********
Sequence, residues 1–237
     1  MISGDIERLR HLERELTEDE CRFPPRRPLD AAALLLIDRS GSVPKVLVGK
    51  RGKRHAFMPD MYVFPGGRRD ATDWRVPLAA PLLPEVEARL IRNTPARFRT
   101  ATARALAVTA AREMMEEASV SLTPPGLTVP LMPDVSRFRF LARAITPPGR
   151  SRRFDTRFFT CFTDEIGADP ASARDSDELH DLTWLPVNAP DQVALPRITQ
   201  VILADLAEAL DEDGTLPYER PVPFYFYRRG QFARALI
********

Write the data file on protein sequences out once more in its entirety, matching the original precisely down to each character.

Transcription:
Sequence, residues 1–237
     1  MISGDIERLR HLERELTEDE CRFPPRRPLD AAALLLIDRS GSVPKVLVGK
    51  RGKRHAFMPD MYVFPGGRRD ATDWRVPLAA PLLPEVEARL IRNTPARFRT
   101  ATARALAVTA AREMMEEASV SLTPPGLTVP LMPDVSRFRF LARAITPPGR
   151  SRRFDTRFFT CFTDEIGADP ASARDSDELH DLTWLPVNAP DQVALPRITQ
   201  VILADLAEAL DEDGTLPYER PVPFYFYRRG QFARALI